S: I do not see a tension. I cannot stress enough that literacy in such fields is vital to a liberal arts education. Yale College integrates those disciplines into its broader model of liberal education to prepare students to solve problems and to think critically and imaginatively about the world. Completing those majors might well lead to employment in those fields, but many of those students go on to do something quite different.

Kyle Vanderlick, the Thomas E. Golden Jr. Professor of Chemical and Environmental Engineering and former dean of the School of Engineering and Applied Science, used to say that engineering sits squarely between the humanities and the sciences. Engineers must identify and prioritize problems—in part by drawing on experiences that go beyond engineering. The humanities can help us understand the complexity of human challenges, while scientific research findings can provide the basis on which solutions might be developed. An engineer learns how to apply those sources of knowledge to improve lives and society.

1 comment

  • Chris Bulger
    Chris Bulger, 2:58pm May 16 2018 | Ico flag Flag as inappropriate

    I understand it is Dr. Salovey's job to advertise Yale's approach to undergraduate education - to help keep up the paltry consumer demand in the product.

    But I am intellectually embarrassed to read his argument when there is so much proof that Yale's approach is anything but liberal enough to prepare young people to be civilized. How many times will Black students need to be detained in their own dorms for sleeping? How many times will women on campus have to fear for their safety - from faculty? How much proof will it take to shatter the illusion that Yale faculty teach anything like liberal unbiased behavior?

    Yale had a school - the best in the world - at teaching people how to learn and cooperate without limitation from their unconsciencious bias filters. That school was the original SOM whose curriculum and orientation was designed to help people see. If that curriculum had been allowed to flourish - Yale would be the safest place on earth for diverse perspectives. For SOM's first 20 years, it's successful Alumni were virtually unanimous in declaring the Organizational Behavior program was the most valuable tool kit enabling their careers. Prospective students selected SOM over Harvard because of OB - and current students became wildly engaged.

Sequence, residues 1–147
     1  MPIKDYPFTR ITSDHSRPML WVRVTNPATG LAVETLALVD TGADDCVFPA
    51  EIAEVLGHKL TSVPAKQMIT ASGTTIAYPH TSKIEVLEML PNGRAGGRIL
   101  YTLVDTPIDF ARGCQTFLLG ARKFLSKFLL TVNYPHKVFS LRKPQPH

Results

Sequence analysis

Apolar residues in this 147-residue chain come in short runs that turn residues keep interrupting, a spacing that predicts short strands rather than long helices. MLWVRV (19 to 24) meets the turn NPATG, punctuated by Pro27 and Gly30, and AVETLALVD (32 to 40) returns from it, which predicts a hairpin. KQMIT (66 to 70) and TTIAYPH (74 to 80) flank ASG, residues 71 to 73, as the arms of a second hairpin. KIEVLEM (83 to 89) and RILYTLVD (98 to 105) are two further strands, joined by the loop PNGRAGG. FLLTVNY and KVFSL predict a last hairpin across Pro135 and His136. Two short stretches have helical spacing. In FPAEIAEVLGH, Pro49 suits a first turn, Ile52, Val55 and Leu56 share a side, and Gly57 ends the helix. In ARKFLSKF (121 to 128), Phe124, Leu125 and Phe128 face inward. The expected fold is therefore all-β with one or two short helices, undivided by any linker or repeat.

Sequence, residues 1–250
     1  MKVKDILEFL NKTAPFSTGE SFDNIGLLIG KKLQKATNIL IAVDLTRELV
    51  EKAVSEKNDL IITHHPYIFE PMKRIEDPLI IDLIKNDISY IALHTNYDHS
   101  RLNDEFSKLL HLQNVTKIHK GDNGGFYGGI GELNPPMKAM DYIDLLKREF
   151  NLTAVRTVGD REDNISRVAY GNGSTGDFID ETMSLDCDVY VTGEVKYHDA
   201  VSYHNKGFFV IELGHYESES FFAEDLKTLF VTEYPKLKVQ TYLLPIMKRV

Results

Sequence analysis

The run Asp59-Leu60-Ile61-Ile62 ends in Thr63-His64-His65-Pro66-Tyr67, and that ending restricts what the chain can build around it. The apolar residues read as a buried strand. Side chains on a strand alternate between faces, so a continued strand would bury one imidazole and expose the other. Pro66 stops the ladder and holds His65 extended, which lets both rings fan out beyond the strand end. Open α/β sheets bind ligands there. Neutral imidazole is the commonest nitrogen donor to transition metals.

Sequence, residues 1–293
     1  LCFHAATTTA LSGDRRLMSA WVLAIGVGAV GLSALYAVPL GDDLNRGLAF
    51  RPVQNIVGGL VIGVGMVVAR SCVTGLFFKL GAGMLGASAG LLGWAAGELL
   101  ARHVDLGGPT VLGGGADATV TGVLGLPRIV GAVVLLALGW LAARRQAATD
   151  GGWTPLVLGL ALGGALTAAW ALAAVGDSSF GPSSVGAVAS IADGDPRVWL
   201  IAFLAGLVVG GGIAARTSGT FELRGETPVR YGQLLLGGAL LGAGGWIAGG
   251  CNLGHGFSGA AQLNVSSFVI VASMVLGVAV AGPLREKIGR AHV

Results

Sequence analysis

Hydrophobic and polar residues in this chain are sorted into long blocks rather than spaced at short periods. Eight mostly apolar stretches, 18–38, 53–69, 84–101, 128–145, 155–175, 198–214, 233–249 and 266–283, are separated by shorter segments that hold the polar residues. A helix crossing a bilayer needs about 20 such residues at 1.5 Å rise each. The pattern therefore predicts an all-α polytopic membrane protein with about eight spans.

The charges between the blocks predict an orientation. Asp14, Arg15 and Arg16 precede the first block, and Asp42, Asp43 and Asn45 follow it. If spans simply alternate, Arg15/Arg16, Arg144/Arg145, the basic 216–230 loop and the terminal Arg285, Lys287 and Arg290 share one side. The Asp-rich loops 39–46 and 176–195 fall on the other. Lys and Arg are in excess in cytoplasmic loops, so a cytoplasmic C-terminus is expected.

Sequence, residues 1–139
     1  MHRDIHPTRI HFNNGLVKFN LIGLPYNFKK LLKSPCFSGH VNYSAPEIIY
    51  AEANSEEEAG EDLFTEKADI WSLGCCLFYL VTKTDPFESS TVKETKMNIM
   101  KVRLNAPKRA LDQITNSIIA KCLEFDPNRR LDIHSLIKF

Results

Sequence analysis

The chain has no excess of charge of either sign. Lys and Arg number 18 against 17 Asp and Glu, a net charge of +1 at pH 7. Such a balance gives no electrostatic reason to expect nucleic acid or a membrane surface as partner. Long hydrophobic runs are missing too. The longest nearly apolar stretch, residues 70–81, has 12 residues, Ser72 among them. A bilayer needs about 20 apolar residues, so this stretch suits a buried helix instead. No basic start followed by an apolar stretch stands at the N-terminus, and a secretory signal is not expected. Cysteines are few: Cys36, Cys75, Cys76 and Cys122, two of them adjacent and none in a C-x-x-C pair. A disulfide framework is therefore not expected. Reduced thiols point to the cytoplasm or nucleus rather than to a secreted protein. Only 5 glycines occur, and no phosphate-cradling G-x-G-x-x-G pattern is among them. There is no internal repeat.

What did Yale do in response? The majority of the non-OB faculty - many of whom still sit today - helped support the banishment of that group fo scholars from the university. They were so terrified by the Lux et Veritas that the OB group provided that in a historic move in Yale history they allowed faculty governance to be suspended, hired a notorious union buster as Dean, gave him unilateral control over redrafting the mission statement. In one fell swoop they closed the best hope for Liberal education at Yale. Check the news archives if you think I exaggerate. This was the beginning of the era of Trump style scholarship and Yale was leading!

    I suppose this is a risk of benchmarking against Harvard. They managed to fire a Faculty member from the Government Department 40 years after Jorge Dominguez faced his first formal charges of sexual harassment. Of course in addition to the judgment provided by their liberal educations - they were helped to understand right and wrong by 1 million marching and sustaining a movement.

    Yale still attracts brilliant students who can teach teach other and are already prepared to succeed or have already done so by the time they enter the University. so the imperative for the faculty to get a liberal education must be integrity..... and perhaps to avoid that wave of bad press and lawsuits that hopefully are headed their way. #IGB2

    Chris Bulger